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Pennsylvania’s Closely Watched 18th Congressional District Special Election Is Tuesday. Here’s What You Need to Know

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On Tuesday, Pennsylvania will hold a special election to fill the seat left vacant by Republican Rep. Tim Murphy, who resigned amid a sex scandal last fall. Like many special elections, the race is being closely monitored for clues about what it could mean for the upcoming midterm elections. Though the District has been Republican-held since 2003, the Democrat in the race has gained traction.

Here’s what to know before voters head to the polls on March 13th.

Who is running in the Pennsylvania special election?

The race to replace Murphy, who resigned after allegedly suggesting mistress should have an abortion, will be between Democrat Conor Lamb and Republican Rick Saccone.

Saccone, an Air Force veteran, has said he was “Trump before Trump was Trump.” But the conservative is no political outsider. He has served in the state legislature since 2011 and served as a diplomatic representative in North Korea under President George W. Bush. The Republican is a strong supporter of President Donald Trump, who stumped for him last weekend. Vice President Mike Pence has also campaigned for him in the state.

Lamb, a former Marine and federal prosecutor, is a moderate Democrat. Though he’s running primarily on issues including labor and fighting the opioid epidemic, he’s been pressed about his stance on abortion. As a Catholic, Lamb has said he opposes abortion personally throughout the campaign, though he is not suggesting he would vote for anti-abortion legislation. Lamb said he would not describe himself as “pro-life” because he believes the term is political. “It’s not one that you learn in Catholic school or anywhere else in the church,” he told the Weekly Standard. Former Vice President Joe Biden campaigned for him in early March.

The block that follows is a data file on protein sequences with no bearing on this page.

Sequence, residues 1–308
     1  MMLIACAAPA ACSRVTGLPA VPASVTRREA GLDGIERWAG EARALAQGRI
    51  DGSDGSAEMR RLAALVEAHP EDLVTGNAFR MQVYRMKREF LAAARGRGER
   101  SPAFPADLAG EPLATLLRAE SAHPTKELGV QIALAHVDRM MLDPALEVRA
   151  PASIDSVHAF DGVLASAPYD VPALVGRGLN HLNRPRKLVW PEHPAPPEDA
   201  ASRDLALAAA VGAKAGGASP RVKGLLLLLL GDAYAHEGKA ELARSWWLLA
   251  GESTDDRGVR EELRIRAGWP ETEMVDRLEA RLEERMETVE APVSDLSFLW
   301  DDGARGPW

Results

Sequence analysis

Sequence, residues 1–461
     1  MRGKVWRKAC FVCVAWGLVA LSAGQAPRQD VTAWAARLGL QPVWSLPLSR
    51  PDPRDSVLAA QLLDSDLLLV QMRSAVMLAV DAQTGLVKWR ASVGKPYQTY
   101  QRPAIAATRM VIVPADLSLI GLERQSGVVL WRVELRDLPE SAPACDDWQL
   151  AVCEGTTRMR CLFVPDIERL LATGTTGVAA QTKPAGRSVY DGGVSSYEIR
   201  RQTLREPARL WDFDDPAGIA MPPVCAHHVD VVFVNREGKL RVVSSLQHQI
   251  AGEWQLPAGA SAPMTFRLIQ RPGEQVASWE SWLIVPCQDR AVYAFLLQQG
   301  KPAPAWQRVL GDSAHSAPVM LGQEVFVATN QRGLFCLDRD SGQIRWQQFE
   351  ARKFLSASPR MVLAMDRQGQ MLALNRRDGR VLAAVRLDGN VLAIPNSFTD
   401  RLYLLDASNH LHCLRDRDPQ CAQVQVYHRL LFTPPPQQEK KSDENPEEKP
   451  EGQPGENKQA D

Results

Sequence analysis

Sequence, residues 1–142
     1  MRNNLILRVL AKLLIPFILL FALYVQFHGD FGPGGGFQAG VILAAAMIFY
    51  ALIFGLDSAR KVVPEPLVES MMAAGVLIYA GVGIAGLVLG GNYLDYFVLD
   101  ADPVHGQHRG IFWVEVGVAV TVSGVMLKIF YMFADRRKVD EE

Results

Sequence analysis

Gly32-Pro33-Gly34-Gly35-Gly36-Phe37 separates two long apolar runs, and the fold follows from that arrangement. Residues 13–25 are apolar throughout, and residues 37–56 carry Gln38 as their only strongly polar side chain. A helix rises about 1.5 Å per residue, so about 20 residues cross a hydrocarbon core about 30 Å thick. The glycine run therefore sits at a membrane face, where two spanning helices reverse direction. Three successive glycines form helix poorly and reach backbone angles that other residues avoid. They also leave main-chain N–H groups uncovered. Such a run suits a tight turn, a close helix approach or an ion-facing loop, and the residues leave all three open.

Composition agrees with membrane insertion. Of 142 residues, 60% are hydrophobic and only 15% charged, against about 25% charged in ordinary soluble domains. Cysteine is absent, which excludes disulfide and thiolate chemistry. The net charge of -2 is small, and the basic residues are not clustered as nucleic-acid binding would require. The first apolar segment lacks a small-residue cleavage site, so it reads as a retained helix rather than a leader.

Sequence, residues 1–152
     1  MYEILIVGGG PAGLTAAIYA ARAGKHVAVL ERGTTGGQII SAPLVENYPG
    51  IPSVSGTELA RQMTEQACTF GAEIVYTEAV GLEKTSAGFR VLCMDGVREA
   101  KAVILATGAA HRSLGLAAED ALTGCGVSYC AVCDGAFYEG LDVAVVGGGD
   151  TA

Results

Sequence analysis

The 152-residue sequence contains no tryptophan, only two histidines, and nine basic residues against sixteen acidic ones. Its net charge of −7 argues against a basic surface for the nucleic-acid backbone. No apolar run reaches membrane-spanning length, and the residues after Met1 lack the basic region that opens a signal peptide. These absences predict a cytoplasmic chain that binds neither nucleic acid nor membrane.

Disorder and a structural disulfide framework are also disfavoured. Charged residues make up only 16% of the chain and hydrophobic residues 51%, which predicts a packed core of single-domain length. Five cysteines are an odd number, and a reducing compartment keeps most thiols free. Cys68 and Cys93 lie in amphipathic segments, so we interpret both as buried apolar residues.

Where is the 18th congressional district?

Touting his own record in Pennsylvania’s 18th district, where the election is being held, during a rally on Saturday Trump said Saccone “should win easily.” In a way, he’s right. The district, home to parts of Allegheny, Greene, Washington and Westmoreland counties in southwestern part of the state, is Trump country. During the 2016 presidential election he won the district by 20 points. It’s about 93% white and only about 36.5% of the population graduated from college.

What do the Saccone-Lamb polls show?

Despite those demographics, polling from the race reveals that the contest has tightened over the past few weeks. The race has been labeled a toss-up by national watchers. In early January, Saccone led polling by 12-points, according to a RealClear Politics roundup. By early March, an Emerson College poll had Lamb up by three points while a Gravis Marketing poll had Saccone up by the same amount.

The latest poll before the election, released by Monmouth University, showed Lamb having slim lead over Saccone, even if turnout on Tuesday is relatively low. These results came despite Trump’s recent announcement on steel and aluminum tariffs, which many perceived as an effort to please steel-working constituents like those who reside in the 18th district.

“This district has voted overwhelmingly Republican in recent elections, but a large number of these voters have blue-collar Democratic roots. Lamb seems to have connected with them,” director of the Monmouth University Political Institute, Patrick Murray said in a release.

Who is raising more money in the special election?

Lamb raised much more money than his Republican counterpart in the Pennsylvania race. The Democrat raked in over $3.3 million for the special election, while Saccone brought in about $703,000, according to federal filings. According to Politico, national groups have stepped in to fill the gaps for Saccone. An analysis by NBC News found that both parties have spent almost $12 million on television and radio ads for this election.

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